Now a new study by the University of Sussex has found that discrimination occurs when candidates refer to membership of gay associations in their CVs.
But not in the direction you might expect.
400 participants were shown fictitious CVs. One was clearly from a lesbian, one from a gay man and the other two from a straight man and woman. The CVs were identical in terms of qualifications and experience except for a reference to membership of a gay professional association.
The researchers found that female managers were more likely to pick gay and lesbian candidates whereas men were more likely to pick straight candidates.
Benjamin Everly from the university’s School of Management & Economics said the findings suggest employers should consider carefully who was making their recruitment decisions. “These results show that bias against gay men and lesbians is much more nuanced than previous work suggests“. He could have said that there is evidence of bias against heterosexual candidates, by women, but that might not have sounded so PC.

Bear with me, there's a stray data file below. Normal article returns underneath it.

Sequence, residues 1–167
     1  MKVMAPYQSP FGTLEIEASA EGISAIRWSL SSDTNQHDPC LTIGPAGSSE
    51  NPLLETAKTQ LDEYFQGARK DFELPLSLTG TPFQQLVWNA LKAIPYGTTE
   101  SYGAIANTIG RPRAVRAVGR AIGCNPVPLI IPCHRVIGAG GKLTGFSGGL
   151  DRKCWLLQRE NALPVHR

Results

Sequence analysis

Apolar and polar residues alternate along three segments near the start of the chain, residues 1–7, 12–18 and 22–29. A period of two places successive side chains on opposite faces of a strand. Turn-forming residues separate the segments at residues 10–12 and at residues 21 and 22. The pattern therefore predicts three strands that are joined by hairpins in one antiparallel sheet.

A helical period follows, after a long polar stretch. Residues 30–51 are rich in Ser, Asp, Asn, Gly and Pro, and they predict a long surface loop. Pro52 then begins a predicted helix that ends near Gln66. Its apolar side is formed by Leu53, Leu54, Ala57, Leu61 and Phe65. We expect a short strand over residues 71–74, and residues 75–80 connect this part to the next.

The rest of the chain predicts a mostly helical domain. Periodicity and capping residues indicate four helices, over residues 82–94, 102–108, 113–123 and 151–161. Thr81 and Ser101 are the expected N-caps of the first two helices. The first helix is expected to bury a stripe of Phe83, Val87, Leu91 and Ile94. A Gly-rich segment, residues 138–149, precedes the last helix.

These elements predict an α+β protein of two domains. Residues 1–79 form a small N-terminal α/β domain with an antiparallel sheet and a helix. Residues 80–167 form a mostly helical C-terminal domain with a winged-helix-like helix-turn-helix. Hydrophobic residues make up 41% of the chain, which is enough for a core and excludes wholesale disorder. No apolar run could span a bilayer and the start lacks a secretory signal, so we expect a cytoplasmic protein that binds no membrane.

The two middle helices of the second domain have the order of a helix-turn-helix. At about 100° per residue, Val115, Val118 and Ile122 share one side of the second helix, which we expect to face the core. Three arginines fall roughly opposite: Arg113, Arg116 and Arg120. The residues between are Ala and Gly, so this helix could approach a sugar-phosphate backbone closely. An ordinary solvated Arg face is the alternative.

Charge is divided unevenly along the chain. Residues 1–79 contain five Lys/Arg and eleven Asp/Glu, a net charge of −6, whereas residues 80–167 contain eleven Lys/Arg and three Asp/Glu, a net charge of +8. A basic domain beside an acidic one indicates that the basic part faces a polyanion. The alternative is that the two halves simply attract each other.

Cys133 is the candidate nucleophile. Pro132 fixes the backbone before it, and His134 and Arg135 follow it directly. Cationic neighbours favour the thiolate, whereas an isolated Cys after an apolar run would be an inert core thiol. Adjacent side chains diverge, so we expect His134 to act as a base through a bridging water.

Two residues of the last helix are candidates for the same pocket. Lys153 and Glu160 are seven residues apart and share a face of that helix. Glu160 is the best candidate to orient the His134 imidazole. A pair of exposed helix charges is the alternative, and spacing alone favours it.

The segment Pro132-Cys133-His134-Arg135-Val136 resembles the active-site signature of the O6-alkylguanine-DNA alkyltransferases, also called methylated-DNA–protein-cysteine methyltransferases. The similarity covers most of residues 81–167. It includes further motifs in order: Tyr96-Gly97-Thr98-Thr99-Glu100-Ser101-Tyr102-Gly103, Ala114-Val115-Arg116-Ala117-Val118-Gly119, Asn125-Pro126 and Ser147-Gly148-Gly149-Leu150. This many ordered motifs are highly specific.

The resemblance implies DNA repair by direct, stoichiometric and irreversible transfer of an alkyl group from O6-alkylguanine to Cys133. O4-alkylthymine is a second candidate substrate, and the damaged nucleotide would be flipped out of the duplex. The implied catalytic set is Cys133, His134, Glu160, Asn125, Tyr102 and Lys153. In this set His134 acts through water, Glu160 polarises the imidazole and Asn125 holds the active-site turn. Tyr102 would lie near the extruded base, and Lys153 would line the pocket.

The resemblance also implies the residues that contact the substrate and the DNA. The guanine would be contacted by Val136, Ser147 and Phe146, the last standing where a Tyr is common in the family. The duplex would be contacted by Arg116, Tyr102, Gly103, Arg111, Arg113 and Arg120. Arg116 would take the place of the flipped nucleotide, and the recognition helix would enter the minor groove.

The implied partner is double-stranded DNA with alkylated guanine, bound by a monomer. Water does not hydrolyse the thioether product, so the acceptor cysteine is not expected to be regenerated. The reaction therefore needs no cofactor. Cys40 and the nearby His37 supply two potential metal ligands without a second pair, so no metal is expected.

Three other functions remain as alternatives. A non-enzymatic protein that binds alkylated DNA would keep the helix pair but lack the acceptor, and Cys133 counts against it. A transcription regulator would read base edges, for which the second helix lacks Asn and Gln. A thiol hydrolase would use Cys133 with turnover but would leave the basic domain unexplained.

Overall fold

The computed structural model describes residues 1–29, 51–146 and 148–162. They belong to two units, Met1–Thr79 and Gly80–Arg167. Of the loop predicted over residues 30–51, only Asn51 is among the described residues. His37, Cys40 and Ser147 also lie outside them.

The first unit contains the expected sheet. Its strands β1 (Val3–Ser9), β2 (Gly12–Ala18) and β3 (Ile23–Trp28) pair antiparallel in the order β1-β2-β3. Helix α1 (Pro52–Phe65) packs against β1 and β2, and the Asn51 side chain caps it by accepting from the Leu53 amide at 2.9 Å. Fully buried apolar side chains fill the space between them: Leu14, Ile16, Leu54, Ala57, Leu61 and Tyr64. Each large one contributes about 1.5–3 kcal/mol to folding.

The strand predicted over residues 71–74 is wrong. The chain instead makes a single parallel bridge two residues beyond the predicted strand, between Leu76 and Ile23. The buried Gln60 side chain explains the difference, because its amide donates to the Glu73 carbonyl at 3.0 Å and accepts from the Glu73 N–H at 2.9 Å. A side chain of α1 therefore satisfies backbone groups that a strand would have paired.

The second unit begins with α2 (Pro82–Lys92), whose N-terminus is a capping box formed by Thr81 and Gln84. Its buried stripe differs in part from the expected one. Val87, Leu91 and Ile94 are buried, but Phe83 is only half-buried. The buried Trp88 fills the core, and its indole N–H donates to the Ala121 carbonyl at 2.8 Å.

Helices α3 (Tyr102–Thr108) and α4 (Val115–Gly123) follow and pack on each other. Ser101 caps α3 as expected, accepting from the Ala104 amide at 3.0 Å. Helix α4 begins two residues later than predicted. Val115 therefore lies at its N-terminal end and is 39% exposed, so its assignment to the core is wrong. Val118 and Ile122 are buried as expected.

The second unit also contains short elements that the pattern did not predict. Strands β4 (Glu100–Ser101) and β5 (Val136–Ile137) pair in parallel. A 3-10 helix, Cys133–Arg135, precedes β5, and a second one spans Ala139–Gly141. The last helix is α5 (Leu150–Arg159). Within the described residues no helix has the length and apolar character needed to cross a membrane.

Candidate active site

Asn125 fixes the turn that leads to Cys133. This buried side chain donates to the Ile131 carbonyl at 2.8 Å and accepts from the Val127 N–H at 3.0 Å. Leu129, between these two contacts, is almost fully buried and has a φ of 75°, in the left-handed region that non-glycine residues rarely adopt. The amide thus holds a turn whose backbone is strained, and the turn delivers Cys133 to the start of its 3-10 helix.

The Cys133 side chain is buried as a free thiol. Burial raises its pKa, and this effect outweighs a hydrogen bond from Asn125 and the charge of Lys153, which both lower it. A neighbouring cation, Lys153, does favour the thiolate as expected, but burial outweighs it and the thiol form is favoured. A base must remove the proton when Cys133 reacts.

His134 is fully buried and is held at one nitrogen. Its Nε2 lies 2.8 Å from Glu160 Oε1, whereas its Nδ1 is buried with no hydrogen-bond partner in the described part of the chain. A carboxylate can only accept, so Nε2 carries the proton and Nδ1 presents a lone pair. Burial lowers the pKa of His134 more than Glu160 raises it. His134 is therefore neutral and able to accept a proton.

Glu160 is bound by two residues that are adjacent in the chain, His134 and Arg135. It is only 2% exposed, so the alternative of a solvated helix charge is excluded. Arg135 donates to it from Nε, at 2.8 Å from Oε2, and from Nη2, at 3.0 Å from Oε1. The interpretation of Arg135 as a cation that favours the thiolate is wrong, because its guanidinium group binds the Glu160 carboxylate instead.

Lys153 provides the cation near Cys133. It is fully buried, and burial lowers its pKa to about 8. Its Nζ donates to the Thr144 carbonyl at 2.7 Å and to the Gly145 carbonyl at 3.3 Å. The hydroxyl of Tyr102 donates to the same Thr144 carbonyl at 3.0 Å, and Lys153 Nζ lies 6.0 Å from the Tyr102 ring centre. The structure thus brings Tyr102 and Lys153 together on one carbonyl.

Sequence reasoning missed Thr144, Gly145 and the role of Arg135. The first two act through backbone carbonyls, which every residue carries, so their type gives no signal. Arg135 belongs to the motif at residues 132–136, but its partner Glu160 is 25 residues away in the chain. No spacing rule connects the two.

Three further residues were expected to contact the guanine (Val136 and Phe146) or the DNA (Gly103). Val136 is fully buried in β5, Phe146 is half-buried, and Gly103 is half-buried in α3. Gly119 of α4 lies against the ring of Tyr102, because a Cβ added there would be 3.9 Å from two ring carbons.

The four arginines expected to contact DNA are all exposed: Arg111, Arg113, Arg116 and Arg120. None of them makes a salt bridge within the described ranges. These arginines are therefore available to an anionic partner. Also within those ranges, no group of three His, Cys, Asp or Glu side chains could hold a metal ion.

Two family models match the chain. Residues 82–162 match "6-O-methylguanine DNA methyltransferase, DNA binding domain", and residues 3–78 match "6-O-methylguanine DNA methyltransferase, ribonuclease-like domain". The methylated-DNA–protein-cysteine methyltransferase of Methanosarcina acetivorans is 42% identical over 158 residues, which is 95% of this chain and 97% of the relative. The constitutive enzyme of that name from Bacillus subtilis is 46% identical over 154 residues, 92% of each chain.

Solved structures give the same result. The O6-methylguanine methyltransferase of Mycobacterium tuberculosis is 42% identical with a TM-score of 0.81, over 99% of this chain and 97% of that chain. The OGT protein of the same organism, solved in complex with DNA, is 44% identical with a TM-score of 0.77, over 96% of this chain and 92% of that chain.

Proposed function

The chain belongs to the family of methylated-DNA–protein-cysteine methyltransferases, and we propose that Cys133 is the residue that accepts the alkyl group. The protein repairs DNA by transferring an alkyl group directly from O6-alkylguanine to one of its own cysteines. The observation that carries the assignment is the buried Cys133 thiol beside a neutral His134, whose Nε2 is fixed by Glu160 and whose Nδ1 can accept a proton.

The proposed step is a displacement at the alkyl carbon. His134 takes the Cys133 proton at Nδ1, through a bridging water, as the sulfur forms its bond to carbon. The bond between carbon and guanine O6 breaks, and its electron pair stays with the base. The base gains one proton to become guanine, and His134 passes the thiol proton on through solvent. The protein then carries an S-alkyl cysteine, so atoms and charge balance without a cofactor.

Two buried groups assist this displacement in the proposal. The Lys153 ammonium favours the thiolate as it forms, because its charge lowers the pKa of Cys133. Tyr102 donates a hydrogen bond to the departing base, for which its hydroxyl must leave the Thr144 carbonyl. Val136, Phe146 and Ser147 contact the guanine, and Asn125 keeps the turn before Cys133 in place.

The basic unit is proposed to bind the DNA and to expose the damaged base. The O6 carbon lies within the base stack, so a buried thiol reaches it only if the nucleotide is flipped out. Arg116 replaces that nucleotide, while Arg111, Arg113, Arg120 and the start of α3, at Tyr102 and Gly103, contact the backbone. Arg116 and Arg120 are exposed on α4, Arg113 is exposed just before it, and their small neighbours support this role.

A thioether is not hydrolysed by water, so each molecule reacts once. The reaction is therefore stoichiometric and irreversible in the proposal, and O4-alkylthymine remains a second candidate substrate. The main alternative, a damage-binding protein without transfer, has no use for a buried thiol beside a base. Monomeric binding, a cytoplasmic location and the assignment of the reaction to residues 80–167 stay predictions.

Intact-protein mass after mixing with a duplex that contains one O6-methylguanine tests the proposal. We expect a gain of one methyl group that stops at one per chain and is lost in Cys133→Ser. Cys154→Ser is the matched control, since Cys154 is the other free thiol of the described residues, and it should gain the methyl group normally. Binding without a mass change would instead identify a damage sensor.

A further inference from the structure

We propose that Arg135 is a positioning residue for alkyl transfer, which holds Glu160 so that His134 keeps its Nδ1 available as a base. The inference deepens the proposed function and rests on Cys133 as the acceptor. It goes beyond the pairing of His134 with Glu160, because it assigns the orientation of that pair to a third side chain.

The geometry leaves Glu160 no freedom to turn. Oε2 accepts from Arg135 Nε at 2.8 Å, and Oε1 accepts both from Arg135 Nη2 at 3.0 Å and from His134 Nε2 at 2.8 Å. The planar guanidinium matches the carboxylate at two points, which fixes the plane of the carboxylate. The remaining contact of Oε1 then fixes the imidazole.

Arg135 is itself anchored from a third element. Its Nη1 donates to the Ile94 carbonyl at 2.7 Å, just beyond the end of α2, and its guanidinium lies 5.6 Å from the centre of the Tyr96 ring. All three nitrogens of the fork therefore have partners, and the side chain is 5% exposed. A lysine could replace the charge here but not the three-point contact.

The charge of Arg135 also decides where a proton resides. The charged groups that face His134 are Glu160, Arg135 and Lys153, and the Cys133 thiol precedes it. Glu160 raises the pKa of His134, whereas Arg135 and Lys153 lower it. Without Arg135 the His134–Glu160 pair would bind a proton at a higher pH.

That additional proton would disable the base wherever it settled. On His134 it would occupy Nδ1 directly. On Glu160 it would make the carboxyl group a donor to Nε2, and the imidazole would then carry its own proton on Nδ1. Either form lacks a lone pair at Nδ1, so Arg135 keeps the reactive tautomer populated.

He thought “Hiring decisions made by teams of both men and women could lead to less biased decisions”. He though that the findings could influence when and how gay men and lesbians disclosed their sexual orientation in the recruitment process.
The report in the Times doesn’t say what job the fictitious candidates were applying for or from what sectors the 400 participants came from. It’s possible they were students at the Business School but I don’t know that.
However research at Anglia Ruskin University suggested that at graduate entry level gay men received the fewest invitations of interview in traditional male occupations such as accountancy, banking,finance, and management and lesbians received fewer invitations for shortlisting in traditionally female occupations like social care, social services and charity work.
Recruiters are notoriously bad as selecting the right person for the job and the whole process is about discriminating against unsuitable candidates. Many people in recruitment have not been trained appropriately (worryingly the Sussex study refers to managers not HR people) and line managers are often the worst as seen recently in the steakhouse incident.